"When I said grab your musket, I meant, look, if Hillary Clinton wins, if she wins fair and square, then the anger that a lot of Americans have towards our political system -- and she's part of that -- we gotta double down and triple down and do whatever we can to defend our freedom," he told CNN's Chris Cuomo said on "New Day."
The former Illinois congressman said he's used the phrase "grab your musket" multiple times over the past several years but never meant that Donald Trump supporters should literally reach for their firearms.
"If I wanted people to take up arms, why would I recommend people take up an antique like a musket?" Walsh asked. "That's just silly."
Walsh, who was elected with support from the tea party movement, is now a conservative talk radio host, tweeted Wednesday: "On November 8th, I'm voting for Trump. On November 9th, if Trump loses, I'm grabbing my musket. You in?"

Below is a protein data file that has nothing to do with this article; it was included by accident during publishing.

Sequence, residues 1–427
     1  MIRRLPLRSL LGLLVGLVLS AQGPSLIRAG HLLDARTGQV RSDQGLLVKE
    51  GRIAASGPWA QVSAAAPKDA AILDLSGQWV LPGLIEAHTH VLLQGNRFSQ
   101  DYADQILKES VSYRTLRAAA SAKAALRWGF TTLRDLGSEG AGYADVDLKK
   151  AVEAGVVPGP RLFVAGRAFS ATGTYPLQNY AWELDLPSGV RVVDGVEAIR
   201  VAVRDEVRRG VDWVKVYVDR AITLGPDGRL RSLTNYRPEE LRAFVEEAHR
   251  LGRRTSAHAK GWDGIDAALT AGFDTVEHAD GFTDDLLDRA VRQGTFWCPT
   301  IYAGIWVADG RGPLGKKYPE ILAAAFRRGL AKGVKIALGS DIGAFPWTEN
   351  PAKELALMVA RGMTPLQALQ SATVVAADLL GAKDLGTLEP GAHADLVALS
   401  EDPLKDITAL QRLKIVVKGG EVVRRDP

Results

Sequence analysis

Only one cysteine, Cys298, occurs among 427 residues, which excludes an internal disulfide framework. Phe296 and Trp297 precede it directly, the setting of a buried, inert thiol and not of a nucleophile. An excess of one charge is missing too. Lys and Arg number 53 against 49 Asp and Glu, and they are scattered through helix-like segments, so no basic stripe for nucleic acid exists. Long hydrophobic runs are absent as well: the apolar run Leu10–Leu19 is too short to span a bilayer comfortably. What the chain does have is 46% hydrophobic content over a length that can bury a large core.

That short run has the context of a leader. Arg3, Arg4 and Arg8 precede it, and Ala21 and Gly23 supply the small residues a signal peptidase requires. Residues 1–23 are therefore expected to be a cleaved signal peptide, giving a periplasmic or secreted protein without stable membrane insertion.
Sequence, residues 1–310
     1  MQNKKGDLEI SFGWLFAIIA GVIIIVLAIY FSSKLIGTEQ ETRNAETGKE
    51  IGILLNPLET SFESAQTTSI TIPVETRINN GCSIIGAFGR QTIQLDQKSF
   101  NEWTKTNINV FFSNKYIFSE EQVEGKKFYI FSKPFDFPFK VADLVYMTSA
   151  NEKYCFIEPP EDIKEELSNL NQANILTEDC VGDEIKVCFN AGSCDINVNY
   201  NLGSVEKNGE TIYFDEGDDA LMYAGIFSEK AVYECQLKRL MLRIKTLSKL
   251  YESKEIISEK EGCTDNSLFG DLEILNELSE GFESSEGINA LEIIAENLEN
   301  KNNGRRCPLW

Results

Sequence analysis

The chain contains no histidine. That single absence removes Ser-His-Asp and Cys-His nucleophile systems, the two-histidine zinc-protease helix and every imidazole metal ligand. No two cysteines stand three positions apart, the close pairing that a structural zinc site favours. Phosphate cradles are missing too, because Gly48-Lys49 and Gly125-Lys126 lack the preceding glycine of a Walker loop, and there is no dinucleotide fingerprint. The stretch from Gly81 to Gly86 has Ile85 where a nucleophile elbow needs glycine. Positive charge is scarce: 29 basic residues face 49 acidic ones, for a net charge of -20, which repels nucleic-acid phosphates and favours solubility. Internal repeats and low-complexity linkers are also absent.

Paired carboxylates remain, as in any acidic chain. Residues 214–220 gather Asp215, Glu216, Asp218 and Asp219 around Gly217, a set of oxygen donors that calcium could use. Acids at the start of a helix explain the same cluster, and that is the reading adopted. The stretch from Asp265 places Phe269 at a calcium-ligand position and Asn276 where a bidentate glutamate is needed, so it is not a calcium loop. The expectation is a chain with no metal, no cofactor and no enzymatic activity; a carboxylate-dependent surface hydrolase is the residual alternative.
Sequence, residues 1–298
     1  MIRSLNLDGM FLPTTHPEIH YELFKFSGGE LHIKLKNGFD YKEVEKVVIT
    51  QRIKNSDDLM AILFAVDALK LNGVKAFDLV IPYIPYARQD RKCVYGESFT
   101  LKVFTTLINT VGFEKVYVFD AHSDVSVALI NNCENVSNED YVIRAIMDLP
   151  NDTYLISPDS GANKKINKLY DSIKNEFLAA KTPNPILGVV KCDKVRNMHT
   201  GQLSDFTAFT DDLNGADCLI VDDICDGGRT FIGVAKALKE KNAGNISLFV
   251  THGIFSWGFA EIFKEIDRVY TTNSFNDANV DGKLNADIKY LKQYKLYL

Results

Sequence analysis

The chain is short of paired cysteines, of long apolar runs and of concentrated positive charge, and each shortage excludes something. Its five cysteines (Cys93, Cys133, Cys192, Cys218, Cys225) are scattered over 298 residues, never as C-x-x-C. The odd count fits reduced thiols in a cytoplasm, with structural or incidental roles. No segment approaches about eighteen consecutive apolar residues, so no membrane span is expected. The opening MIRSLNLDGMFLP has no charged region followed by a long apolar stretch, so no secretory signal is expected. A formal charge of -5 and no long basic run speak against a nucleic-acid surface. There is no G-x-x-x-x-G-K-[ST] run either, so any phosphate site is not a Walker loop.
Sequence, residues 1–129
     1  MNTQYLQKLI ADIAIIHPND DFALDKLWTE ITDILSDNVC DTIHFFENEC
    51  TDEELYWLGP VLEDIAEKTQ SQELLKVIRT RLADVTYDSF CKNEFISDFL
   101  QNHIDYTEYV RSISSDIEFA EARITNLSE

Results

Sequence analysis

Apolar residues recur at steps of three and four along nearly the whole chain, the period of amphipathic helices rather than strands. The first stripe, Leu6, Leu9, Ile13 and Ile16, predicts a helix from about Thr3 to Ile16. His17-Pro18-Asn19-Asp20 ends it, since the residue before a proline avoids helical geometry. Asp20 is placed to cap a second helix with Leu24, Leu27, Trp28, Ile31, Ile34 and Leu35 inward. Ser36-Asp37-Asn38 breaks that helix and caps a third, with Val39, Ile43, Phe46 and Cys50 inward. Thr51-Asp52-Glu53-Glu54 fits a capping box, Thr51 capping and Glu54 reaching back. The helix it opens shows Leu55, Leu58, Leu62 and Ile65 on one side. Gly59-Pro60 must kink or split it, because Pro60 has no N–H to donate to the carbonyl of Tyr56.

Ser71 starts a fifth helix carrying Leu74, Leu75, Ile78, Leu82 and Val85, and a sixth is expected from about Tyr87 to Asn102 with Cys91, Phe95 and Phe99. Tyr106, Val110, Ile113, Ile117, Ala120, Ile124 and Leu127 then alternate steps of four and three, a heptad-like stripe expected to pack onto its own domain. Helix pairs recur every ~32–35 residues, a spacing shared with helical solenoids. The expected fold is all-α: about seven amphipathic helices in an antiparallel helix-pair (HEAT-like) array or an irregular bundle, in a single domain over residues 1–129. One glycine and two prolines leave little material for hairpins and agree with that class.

CNN's Jake Tapper asked: "What exactly does that mean?"
"It means protesting. Participating in acts of civil disobedience. Doing what it takes to get our country back," Walsh responded.
Walsh told Cuomo that Trump supporters are angry not just at Clinton but political leaders on both sides of the aisle.
"Things in America right now are ugly and nasty," he said Friday. "We're pissed off at Republicans and Democrats."
"Even if Trump loses fair and square, Chris, the anger is not going to go anywhere," Walsh added. "I'm glad the American people are angry because we've been asleep for years."
Dan Gross, president of the Brady Campaign to Prevent Gun Violence, condemned Walsh's tweet.
"Joe Walsh's continued vile and violent rhetoric has no place in our political discussion," he said in a statement.
Walsh has made apparent threats on Twitter before. In the wake of the Dallas police officer shootings over the summer, he tweeted,
"3 Dallas Cops killed, 7 wounded. This is now war. Watch out Obama. Watch out black lives matter punks. Real America is coming after you."
At the time, he told CNN's Don Lemon that he stood by his words and that Twitter "shut me down."
"Twitter said the only way you'll open your account is if we get rid of that tweet," Walsh claimed in July.
At the time, Twitter would not comment on Walsh's claims, citing privacy and security reasons. But spokesman Nu Wexler noted a Twitter policy that says users "may not make threats of violence or promote violence, including threatening or promoting terrorism."